The bowling game kata could start out this way - Uncle Bob began by specifying a gutter game; twenty rolls into the gutter should produce a score of zero.

And if you look carefully at what the score is, it's just the sum of the inputs.  So you make that replacement, and ta-da, the test passes, the duplication is gone, and you can think about whether or not there are abstractions worth discovering in the design.

Uncle Bob, of course, didn't do this -- he skips directly to testAllOnes without addressing this duplication, and then applies this change later.

And I wonder if that set the tone -- that there was some minimum number of pathological solutions that needed to be attempted before you can actually start doing something real.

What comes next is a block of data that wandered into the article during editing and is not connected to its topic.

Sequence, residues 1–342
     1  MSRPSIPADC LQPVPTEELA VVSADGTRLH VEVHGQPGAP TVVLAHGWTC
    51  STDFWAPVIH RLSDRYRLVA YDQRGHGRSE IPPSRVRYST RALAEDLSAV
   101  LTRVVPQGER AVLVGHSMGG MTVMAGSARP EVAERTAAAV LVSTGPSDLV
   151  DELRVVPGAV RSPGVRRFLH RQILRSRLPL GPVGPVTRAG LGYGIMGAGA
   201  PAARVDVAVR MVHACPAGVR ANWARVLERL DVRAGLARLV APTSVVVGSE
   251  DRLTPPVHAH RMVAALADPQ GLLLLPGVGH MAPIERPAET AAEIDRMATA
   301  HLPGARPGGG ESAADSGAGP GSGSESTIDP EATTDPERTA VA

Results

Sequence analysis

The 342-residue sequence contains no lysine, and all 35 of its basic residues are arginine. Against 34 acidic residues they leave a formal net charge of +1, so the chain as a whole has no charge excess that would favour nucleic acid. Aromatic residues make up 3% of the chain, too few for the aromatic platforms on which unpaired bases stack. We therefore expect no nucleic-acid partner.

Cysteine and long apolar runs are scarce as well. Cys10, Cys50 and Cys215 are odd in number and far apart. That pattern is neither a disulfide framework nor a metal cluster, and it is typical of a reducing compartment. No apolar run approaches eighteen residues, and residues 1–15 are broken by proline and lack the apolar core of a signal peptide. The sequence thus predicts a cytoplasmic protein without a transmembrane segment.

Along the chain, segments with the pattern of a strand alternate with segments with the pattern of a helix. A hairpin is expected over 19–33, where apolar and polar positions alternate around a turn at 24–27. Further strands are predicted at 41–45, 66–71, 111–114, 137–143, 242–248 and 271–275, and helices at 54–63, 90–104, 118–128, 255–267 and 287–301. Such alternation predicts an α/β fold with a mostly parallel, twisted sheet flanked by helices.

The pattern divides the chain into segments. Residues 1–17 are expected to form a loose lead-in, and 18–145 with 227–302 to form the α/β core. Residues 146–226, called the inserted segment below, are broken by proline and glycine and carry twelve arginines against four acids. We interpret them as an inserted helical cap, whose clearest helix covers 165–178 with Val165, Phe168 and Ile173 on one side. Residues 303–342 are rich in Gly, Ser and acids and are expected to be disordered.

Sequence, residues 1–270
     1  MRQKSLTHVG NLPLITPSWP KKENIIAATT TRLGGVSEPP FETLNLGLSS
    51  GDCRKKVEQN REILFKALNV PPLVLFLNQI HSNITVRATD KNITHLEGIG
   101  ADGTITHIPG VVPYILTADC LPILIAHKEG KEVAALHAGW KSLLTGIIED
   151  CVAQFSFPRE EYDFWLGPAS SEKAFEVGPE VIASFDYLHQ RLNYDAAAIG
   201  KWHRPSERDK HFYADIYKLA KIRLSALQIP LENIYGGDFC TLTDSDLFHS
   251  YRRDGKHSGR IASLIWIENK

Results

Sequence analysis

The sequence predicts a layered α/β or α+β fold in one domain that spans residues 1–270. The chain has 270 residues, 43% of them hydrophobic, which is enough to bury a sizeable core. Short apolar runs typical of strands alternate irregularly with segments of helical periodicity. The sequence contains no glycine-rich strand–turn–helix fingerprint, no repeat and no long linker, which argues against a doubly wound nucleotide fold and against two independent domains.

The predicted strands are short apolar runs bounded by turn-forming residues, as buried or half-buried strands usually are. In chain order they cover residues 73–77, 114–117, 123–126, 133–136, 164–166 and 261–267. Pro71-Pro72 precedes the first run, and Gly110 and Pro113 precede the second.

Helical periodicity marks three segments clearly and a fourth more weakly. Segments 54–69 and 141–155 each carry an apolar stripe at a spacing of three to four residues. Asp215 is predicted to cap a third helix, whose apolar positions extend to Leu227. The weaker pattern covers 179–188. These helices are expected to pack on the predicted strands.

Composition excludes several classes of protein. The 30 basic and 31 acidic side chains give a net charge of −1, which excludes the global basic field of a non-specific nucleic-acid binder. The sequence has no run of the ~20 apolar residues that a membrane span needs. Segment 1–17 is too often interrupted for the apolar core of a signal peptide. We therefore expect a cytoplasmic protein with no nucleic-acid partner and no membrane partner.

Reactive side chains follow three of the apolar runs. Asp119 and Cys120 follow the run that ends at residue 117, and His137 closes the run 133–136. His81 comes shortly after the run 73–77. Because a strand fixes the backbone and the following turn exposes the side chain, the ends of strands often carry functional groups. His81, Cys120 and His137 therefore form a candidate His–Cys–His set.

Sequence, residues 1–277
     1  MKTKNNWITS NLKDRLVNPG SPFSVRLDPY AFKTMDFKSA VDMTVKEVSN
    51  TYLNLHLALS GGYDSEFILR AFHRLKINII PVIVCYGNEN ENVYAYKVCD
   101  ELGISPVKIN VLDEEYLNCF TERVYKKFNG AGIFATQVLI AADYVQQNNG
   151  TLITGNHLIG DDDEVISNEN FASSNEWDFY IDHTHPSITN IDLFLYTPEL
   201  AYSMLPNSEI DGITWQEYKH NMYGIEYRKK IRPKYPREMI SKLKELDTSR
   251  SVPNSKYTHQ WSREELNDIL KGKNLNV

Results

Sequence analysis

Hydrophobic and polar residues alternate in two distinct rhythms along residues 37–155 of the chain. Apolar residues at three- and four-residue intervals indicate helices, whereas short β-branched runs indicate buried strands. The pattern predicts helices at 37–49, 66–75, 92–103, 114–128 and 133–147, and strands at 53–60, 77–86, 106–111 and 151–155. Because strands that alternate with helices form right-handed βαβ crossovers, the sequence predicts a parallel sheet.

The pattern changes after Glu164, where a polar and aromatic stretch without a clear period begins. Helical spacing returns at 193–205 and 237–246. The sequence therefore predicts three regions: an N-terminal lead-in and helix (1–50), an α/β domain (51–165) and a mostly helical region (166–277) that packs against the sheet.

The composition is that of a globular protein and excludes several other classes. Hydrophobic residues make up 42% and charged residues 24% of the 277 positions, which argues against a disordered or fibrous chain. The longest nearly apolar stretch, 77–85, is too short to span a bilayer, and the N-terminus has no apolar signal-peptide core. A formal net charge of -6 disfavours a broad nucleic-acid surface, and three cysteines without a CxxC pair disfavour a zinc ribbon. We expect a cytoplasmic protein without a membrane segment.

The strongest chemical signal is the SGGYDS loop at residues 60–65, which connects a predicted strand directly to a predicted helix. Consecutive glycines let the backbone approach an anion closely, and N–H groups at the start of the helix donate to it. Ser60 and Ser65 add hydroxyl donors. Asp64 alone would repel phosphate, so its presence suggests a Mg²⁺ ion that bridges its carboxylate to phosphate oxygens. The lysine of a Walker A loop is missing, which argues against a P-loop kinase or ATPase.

Kent Beck
I get paid for code that works, not for tests, so my philosophy is to test as little as possible to reach a given level of confidence
An implementation that adds up bowling pins obviously has no deficiencies; all the lines of code are covered, we tried the API that we have defined and can evaluate its suitability in our context.

We don't need MOAR TESTS to achieve these ends.

In other words, the introduction of other tests are satisfying some other need, and we should be thinking about that need, and where it fits into our development process.

Now, I think it's pretty clear that a single example is not an honest representation of the complete specification.  But if that's the goal, deliberately introducing a bunch of broken implementations to ensure that the specification is satisfied is an expensive way to achieve that result.